Posted on Oct 17, 2019, 7 p.m.
Longer duration of estrogen exposure hormone therapy was associated with better cognition in older adult women in a study published in Menopause.
Estrogen has a significant role in overall brain health and cognitive function, which is why many studies focused on prevention of cognitive decline have taken into consideration the effect of reduced estrogen levels during menopause transition.
Women comprise around two thirds of the 5.5 million cases of Alzheimer’s disease in America; as such sex specific factors including estrogen have long been suspected to contribute to the increased risk in women, and many studies suggest that estrogen plays a role in promoting memory and learning.
In this study 2,114 postmenipausal women with a mean age of 74.94 years who were dementia free at baseline were followed for 12 years to examine the associations between estrogen and cognitive decline, focussing on the duration of exposure to estrogen taking into account factors such as time of menarche to menopause, number of pregnancies, duration of breastfeeding, and use of hormone therapy.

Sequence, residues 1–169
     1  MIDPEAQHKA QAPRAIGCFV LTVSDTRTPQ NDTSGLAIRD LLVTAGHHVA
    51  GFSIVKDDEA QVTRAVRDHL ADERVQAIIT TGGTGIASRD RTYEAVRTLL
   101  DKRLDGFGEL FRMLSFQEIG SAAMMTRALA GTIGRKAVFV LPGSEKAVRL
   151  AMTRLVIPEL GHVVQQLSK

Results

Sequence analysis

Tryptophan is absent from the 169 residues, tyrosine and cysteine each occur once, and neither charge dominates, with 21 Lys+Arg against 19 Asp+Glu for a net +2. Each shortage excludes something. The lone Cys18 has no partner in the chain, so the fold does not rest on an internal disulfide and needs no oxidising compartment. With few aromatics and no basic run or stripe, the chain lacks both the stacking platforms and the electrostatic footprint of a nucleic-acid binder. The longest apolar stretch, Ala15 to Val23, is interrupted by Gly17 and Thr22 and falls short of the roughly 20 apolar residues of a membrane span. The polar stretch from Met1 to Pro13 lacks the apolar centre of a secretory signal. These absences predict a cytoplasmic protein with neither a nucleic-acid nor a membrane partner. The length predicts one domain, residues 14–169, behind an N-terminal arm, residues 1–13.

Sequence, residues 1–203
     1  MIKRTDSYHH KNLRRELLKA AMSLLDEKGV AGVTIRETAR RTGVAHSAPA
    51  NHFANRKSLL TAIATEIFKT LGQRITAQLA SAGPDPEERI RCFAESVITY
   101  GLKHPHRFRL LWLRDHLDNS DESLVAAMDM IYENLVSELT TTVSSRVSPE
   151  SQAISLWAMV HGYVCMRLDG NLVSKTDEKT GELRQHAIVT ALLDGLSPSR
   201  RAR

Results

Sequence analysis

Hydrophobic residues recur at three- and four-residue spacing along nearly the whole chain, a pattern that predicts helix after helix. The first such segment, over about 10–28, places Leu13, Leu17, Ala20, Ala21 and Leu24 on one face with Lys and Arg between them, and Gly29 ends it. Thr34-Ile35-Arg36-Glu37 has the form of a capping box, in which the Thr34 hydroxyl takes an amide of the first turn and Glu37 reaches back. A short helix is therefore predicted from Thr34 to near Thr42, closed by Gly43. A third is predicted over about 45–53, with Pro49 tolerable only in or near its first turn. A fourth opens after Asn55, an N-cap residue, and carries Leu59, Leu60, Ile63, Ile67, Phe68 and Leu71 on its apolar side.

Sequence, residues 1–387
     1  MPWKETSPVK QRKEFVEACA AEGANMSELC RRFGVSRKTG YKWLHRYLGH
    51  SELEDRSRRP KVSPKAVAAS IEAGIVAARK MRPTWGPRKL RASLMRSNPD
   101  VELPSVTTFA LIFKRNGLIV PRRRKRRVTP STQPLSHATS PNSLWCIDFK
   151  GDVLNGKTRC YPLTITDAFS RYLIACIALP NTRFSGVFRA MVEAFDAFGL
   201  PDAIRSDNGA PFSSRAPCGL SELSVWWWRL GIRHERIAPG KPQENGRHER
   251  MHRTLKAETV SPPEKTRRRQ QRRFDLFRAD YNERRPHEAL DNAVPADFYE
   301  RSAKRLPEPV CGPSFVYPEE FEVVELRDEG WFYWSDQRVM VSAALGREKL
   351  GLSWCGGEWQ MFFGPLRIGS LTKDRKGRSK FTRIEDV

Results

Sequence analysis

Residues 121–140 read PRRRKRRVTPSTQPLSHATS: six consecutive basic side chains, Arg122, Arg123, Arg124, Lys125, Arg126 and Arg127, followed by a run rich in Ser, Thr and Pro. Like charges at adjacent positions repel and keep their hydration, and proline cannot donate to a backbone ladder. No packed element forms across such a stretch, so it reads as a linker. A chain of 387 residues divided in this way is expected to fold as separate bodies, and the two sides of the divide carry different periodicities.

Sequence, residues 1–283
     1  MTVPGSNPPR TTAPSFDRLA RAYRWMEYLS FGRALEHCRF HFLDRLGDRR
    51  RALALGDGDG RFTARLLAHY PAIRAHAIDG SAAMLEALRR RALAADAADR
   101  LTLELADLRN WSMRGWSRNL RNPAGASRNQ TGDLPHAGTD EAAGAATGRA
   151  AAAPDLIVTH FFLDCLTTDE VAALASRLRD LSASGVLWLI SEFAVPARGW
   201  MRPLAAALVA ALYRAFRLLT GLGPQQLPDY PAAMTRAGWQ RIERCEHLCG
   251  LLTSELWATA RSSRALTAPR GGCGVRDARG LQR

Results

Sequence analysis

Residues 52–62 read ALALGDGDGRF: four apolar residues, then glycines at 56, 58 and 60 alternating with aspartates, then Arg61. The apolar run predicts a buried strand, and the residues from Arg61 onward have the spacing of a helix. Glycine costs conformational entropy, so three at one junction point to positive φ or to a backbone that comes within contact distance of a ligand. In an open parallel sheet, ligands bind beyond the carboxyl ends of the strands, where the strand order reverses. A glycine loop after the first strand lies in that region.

Based on their findings the researchers concluded that a longer duration of estrogen exposure was associated with better cognitive status in older adult women; these beneficial effects were extended with the use of hormone therapy, especially among those who were the oldest; and those who initiated hormone therapy earlier showed higher cognitive test scores, providing support for the critical window of hypothesis of hormone therapy.
“Although the assessment of the risk-to-benefit balance of hormone therapy use is complicated and must be individualized, this study provides additional evidence for beneficial cognitive effects of hormone therapy, particularly when initiated early after menopause. This study also underscores the potential adverse effects of early estrogen deprivation on cognitive health in the setting of premature or early menopause without adequate estrogen replacement,” says Dr. Stephanie Faubion, NAMS medical director.
“Results: EEE was positively associated with cognitive status (β = 0.03, P = 0.054). In addition, longer duration of HT use was positively associated with cognitive status (β = 0.02, P = 0.046) and interacted with age; older women had greater benefit compared with younger women. The timing of HT initiation was significantly associated with 3MS (β = 0.55, P = 0.048), with higher scores for women who initiated HT within 5 years of menopause compared with those initiating HT 6-or-more years later.
Conclusions: Our results suggest that longer EEE and HT use, especially in older women, are associated with higher cognitive status in late life.”
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